"docker" functionality implemented in 100 lines of bash, very nice hack.  Shows just how powerful btrfs is, along with the 'ip' tool.
bocker - Docker implemented in 100 lines of bash
Haikel Guemar's profile photoAnika Kehrer's profile photoKrzysztof Wilczynski's profile photoHoang Tran's profile photo
i shouldn't say this, but i love bash. 
Add a comment...

Greg Kroah-Hartman

Shared publicly  - 
New kernel release announcement, made from 30k feet, with Walter the Labradoodle sitting in the seat next to me and then falling asleep on my arm. ( )


Also, now that 4.1 is out, time to announce that it will be the next "Long Term Support" kernel I'll be maintaining for the next two years.
Cristiano Barbosa Rodrigues's profile photoAlessandro Di Giacomantonio's profile photoSheila Mihiko's profile photoCameron Wood's profile photo
LOL... that cute furry is really sitting in a plane, isn't it? ... and term "Kernel Watchdog" gains an absolutely new meaning :D
Add a comment...

Greg Kroah-Hartman

Shared publicly  - 
Three tiny Tux cases came in the mail. A bit big for "modern" board designs, but I'm sure I can get my beagle bone black to fit well inside them.
Jochen Schafft's profile photoAndrew Schott's profile photoCarla Sella's profile photoDjalal Harouni's profile photo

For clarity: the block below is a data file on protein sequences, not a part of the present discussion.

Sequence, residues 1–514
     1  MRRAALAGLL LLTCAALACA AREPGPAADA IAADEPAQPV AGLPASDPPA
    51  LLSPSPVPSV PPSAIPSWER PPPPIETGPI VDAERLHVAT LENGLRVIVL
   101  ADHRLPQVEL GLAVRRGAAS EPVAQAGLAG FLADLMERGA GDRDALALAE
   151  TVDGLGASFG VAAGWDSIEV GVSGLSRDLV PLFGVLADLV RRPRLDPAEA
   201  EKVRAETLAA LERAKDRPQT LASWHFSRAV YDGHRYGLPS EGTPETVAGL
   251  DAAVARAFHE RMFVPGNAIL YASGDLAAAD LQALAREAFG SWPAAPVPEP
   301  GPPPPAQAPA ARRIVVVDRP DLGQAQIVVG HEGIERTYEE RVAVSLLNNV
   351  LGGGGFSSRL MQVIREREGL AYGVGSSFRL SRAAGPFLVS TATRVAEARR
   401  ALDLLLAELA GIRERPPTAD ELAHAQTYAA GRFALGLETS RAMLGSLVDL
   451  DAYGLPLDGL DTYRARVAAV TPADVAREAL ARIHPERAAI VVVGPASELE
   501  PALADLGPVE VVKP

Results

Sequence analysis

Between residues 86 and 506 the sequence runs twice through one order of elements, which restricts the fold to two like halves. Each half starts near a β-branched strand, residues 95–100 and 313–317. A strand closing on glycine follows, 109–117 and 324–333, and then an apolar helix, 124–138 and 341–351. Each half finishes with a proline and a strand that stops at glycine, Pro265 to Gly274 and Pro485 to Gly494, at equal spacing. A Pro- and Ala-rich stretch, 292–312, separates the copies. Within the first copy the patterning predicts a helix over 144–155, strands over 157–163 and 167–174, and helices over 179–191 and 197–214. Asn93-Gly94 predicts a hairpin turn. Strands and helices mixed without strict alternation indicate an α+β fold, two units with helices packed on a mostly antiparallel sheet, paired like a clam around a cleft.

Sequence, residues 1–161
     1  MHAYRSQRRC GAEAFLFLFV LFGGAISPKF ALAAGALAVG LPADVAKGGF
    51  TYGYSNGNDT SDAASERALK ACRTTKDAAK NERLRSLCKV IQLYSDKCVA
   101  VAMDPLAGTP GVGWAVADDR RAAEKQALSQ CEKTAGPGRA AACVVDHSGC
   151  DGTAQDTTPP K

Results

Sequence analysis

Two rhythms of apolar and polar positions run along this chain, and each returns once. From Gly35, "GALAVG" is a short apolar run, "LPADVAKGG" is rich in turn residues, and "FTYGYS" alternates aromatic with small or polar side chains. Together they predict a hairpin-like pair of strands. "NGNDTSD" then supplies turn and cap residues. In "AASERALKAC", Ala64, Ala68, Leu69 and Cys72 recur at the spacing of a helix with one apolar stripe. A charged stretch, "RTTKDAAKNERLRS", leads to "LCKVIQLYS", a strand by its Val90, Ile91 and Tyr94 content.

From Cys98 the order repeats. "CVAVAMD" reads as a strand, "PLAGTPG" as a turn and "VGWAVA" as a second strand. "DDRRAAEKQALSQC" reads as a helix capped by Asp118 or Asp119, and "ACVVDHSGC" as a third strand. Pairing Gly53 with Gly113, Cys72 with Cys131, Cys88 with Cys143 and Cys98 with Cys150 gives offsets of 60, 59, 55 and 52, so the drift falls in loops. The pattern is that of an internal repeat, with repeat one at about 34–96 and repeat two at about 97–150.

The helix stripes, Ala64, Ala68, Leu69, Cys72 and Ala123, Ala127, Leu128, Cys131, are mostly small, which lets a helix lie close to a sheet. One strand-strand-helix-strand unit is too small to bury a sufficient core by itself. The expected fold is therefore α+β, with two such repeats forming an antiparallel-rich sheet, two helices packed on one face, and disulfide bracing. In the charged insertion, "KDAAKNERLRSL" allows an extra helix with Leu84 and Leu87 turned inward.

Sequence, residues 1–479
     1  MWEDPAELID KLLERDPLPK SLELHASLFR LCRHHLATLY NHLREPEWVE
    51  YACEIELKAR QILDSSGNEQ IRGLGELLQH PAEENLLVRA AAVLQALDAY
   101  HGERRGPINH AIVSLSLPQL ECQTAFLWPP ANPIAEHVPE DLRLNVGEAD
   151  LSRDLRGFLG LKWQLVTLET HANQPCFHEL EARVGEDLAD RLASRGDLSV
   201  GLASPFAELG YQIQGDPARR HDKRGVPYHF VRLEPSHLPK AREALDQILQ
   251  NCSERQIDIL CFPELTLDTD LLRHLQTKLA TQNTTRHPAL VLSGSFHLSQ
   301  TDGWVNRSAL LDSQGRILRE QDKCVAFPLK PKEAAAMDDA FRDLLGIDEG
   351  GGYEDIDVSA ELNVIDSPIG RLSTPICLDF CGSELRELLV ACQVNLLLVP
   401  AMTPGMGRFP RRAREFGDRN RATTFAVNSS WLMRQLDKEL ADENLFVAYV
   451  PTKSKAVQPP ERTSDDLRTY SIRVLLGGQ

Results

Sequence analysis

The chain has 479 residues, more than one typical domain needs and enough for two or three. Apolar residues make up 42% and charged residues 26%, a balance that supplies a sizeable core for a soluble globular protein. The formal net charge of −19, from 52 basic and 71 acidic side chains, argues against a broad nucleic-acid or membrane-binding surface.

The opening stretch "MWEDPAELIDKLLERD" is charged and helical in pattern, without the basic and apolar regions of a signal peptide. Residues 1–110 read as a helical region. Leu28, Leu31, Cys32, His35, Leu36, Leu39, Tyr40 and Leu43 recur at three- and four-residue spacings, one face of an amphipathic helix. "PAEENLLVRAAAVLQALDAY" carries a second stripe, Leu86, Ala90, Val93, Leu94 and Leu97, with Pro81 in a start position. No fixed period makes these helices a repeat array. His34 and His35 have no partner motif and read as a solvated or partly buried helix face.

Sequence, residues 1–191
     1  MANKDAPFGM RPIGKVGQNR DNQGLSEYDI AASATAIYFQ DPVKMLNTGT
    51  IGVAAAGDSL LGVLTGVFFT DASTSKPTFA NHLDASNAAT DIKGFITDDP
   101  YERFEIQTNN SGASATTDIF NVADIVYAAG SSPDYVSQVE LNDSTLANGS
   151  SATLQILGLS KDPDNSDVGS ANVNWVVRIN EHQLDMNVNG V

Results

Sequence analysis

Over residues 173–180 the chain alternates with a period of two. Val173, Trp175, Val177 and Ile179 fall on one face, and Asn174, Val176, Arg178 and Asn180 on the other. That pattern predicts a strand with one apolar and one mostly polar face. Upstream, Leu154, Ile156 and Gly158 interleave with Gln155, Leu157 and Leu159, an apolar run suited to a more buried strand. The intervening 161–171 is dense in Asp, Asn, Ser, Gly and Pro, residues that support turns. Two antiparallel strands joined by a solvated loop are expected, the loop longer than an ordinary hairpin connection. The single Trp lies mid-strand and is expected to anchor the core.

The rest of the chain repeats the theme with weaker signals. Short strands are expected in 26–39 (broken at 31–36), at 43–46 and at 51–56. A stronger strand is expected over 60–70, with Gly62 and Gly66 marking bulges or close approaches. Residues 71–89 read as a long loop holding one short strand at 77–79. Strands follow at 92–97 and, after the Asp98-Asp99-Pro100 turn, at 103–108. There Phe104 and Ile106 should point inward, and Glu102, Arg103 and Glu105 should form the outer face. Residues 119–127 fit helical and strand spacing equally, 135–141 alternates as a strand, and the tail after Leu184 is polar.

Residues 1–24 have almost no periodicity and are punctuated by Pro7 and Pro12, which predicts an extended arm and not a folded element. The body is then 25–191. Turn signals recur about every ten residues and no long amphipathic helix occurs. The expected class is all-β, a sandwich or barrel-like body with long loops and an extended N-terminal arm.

You can surely stuff your GL-Inet in them, and since it has WiFi and can be powered with almost nothing, you might manage to build a wireless ("tailless" ?) tux :-)
Add a comment...

Greg Kroah-Hartman

Shared publicly  - 
I got to see this recently, and it's amazing. Combine a great storyteller with amazing technology and good things happen.  It's now available for everyone to download. Watch it with headphones.
A day after leaving the "Fast and Furious" franchise, Justin Lin got a curious phone call. Lin, who had directed four of the street racing-themed action movies, was asked by Google to collaborate o...
Irshad Pananilath's profile photoLucas Santos's profile photoJani Nikula's profile photoJorge Nerín's profile photo
Yeah, sorry...Spotlight eligible devices.  I can't imagine why a Nexus 7 can't display these media, but OK.  I guess it's for me to wonder and Google developers to know, because these Play doohickeys never tell you why your devices aren't compatible with the app.  Guess it's not going to happen for me.

In skimming through the page for the links, it didn't look like there was a direct link to this short movie.
Add a comment...

Greg Kroah-Hartman

Shared publicly  - 
I see more and more projects doing the "curl | sudo bash" method of installing something.  Not good on huge number of levels.  This is a good rant of people doing this for containers.

Yes, I know docker doesn't support signed images yet, hopefully that will happen someday...
None of these "fancy" tools still builds by a traditional make command. Every tool has to come up with their own, incomptaible, and non-portable "method of the day" of building. And since nobody is still able to compile things from scratch, everybody just downloads precompiled binaries from ...
Michael Faille's profile photoA. David's profile photoJorge Nerín's profile photoJonas Kalderstam (Space Cowboy)'s profile photo
+Edward Morbius Unless you trust the server your sourcing from....  But nothing connected to the public Internet can be trusted.
Add a comment...

Greg Kroah-Hartman

Shared publicly  - 
Retro computing combined with music, great work.
Sven Sternberger's profile photoDiego Ruggeri's profile photoChiang Keeper's profile photoDjalal Harouni's profile photo
Fantastic! Makes me miss my ZX81, wish I still had it.
Add a comment...
  • Linux
Basic Information